When I open the door, Thomas coughs nervously at the surprised look on my face and pretends to smile. (There is a streak of black grease on his forehead, probably from his own index finger. Which means he just finished polishing his rifle earlier in the evening, and his patrol’s inspection is tomorrow.) I cross my arms. He touches the edge of his cap politely.
“Hello, Ms. Iparis,” he says.
I take a deep breath. “I’m heading out to the track. Where’s Metias?”
“Commander Jameson has requested that you come with me to the hospital as soon as possible.” Thomas hesitates for a second. “It’s more of an order than a request.”
There’s a hollow feeling in the pit of my stomach. “Why didn’t she just call me?” I ask.
“She prefers for me to escort you.”
“Why?” My voice starts to rise. “Where’s my brother?”
Now Thomas takes a deep breath. I already know what he’s going to say. “I’m sorry. Metias has been killed.”
That’s when the world around me goes silent.
As if from a great distance, I can see that Thomas is still speaking, gesturing with his hands, pulling me to him for a hug. I hug him back without realizing what I’m doing. I feel nothing. I nod when he steadies me and asks me to do something. To follow him. He keeps an arm around my shoulders. A dog’s wet nose nudges my hand. Ollie follows me out of the apartment, and I tell him to stay close. I lock the door and stuff the key into my pocket and let Thomas guide us through the darkness to the stairs. He’s talking the whole time, but I can’t hear him. I stare straight ahead at the reflective metal decorations lining the stairwell, at the distorted reflections of Ollie and me.
I can’t make out my expression. I’m not sure I even have one.
Metias should have taken me with him. This is my first coherent thought as we reach the bottom floor of our high-rise and climb into a waiting jeep. Ollie jumps into the backseat and sticks his head out the window. The car smells damp (like rubber and metal and fresh sweat—a group of people must’ve ridden in here recently). Thomas sits in the driver’s seat and makes sure my seat belt is buckled. Such a small, stupid thing.
Metias should have taken me with him.
I run this thought over and over again in my head. Thomas doesn’t say anything else. He lets me stare out at the darkened city as we go, occasionally shooting me a hesitant glance. Some small part of me makes a mental note to apologize to him later.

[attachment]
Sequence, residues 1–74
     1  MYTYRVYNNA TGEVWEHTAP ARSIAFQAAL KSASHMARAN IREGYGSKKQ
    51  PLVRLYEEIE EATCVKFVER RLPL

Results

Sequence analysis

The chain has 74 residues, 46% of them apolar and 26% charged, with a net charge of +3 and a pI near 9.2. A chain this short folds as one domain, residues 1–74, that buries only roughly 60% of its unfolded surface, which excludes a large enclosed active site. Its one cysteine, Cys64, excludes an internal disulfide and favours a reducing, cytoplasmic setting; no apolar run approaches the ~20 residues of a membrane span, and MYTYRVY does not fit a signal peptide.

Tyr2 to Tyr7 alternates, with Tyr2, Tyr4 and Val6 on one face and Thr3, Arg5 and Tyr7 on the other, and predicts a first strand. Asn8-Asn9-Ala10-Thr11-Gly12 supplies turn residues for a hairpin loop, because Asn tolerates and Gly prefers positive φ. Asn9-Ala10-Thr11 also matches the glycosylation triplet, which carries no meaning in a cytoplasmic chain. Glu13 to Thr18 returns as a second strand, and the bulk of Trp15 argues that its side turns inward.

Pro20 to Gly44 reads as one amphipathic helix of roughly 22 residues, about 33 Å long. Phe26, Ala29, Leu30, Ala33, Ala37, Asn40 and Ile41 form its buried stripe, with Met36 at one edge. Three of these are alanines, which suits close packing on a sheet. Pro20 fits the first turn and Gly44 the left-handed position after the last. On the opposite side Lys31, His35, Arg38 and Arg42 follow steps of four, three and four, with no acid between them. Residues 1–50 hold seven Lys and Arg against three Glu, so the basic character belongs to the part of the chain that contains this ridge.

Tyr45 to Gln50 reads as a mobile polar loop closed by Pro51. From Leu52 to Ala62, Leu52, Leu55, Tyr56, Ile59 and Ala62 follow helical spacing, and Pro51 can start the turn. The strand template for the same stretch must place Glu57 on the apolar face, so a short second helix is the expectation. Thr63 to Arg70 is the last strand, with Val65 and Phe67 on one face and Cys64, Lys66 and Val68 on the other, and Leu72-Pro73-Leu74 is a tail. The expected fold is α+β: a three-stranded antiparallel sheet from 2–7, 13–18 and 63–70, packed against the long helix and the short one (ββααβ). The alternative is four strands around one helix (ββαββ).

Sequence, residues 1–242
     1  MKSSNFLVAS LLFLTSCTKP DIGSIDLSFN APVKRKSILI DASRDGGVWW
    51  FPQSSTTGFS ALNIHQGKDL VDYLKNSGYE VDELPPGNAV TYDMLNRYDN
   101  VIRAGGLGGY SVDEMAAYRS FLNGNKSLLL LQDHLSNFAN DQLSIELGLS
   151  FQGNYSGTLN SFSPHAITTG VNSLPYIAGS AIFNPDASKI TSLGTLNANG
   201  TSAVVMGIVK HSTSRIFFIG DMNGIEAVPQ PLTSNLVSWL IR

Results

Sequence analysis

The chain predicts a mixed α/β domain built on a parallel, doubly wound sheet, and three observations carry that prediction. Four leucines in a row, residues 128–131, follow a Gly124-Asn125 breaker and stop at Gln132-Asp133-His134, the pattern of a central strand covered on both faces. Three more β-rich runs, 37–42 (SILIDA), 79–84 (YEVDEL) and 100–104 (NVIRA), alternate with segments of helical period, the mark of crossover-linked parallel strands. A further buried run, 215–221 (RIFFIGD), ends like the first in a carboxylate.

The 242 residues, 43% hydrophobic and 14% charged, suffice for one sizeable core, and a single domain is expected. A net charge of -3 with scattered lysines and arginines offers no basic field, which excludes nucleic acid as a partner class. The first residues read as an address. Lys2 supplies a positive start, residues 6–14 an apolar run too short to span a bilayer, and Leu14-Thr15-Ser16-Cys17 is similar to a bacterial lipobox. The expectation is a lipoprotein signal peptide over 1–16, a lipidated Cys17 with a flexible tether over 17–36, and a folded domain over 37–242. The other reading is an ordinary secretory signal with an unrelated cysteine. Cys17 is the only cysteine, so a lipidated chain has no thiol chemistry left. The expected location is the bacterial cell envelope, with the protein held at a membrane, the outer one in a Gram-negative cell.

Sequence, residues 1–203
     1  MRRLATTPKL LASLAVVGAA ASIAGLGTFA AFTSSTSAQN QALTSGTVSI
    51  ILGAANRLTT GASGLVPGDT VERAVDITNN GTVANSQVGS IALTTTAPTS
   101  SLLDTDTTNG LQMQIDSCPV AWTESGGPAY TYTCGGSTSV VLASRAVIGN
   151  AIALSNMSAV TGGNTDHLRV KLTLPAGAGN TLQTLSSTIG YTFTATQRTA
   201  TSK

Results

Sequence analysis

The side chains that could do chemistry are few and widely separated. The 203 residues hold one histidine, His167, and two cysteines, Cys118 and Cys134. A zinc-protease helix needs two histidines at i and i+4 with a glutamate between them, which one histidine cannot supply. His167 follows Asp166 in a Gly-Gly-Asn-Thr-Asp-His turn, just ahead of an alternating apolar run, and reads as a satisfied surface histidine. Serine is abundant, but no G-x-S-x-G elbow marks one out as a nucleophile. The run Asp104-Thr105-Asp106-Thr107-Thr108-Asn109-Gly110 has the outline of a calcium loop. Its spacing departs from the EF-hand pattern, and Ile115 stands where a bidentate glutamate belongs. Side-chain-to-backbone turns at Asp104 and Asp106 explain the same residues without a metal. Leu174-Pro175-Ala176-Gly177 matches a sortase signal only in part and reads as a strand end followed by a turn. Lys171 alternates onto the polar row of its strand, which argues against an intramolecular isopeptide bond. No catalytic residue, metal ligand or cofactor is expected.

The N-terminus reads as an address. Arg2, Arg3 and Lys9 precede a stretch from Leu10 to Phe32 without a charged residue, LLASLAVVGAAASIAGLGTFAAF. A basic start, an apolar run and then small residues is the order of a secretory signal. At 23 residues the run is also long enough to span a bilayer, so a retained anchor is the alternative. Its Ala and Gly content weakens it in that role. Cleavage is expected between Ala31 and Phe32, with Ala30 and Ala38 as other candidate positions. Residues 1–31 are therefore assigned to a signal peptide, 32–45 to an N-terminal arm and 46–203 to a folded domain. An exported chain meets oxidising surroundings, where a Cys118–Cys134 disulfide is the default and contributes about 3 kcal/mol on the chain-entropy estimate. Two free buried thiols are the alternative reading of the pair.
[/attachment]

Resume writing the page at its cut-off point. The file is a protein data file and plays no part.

My eyes glaze over at the familiar buildings we pass. People (mostly workers hired from the slums) pack the first-floor stands even with the lights out, hunched over bowls of cheap food in the ground level cafés. Clouds of steam float high in the distance. JumboTrons, always on, regardless of power shortages, display the latest warnings about floods and quarantines. A few are about the Patriots—this time for another bombing up in Sacramento that killed half a dozen soldiers. A few cadets, eleven-year-olds with yellow stripes on their sleeves, linger on the steps outside an academy, the old and worn Walt Disney Concert Hall letters almost completely faded. Several other military jeeps cross our intersection, and I see the blank faces of their soldiers. Some of them have black goggles on so I can’t see their eyes at all.
The sky looks more overcast than usual—signs of a rainstorm. I pull my hood over my head in case I forget when we finally get out of the car.
When I turn my attention back to the window, I see the part of downtown that sits inside Batalla. All the lights in this military sector are on. The hospital’s tower looms just a few blocks away.
Thomas notices me craning my neck for a better view. “Almost there,” he says.
As we draw near, I can see the crisscrossed lines of yellow tape surrounding the bottom of the tower, the clusters of city patrol soldiers (red stripes on their sleeves, like Metias), as well as some photographers and street police, the black vans and medic trucks. Ollie lets out a whine.
“I’m guessing they didn’t catch the person,” I say to Thomas.
“How do you know?”
I nod toward the building. “That’s really something,” I continue. “Whoever it was survived a two-and-a-half-story jump and still had enough strength to escape.”
Thomas looks toward the tower and tries to see what I see—the broken third-floor stairwell window, the taped-off section right below it, the soldiers searching alleyways, the lack of ambulances. “We haven’t caught the guy,” he admits after a moment. The rifle grease on his forehead gives him a bewildered look. “But that doesn’t mean we won’t find his body later.”
“You won’t find it if you haven’t found it yet.”
Thomas opens his mouth to say something, then decides against it and goes back to concentrating on the road. When the jeep finally rolls to a stop, Commander Jameson breaks away from the group of guards she’s standing with and marches over to my car door.
“I’m sorry,” Thomas says abruptly to me. I feel a brief pang of guilt for my coldness and decide to nod back at him. His father had been a janitor for our apartment high-rise before he died, his late mother a cook at my grade school. Metias had been the one to recommend Thomas (who had a high Trial score) to be assigned to the prestigious city patrols, despite his humble background. So he must feel just as numb as I do.
Commander Jameson walks up to my car door and raps twice on the window to get my attention. Her thin lips are painted an angry stroke of red, and in the night her auburn hair looks dark brown—almost black.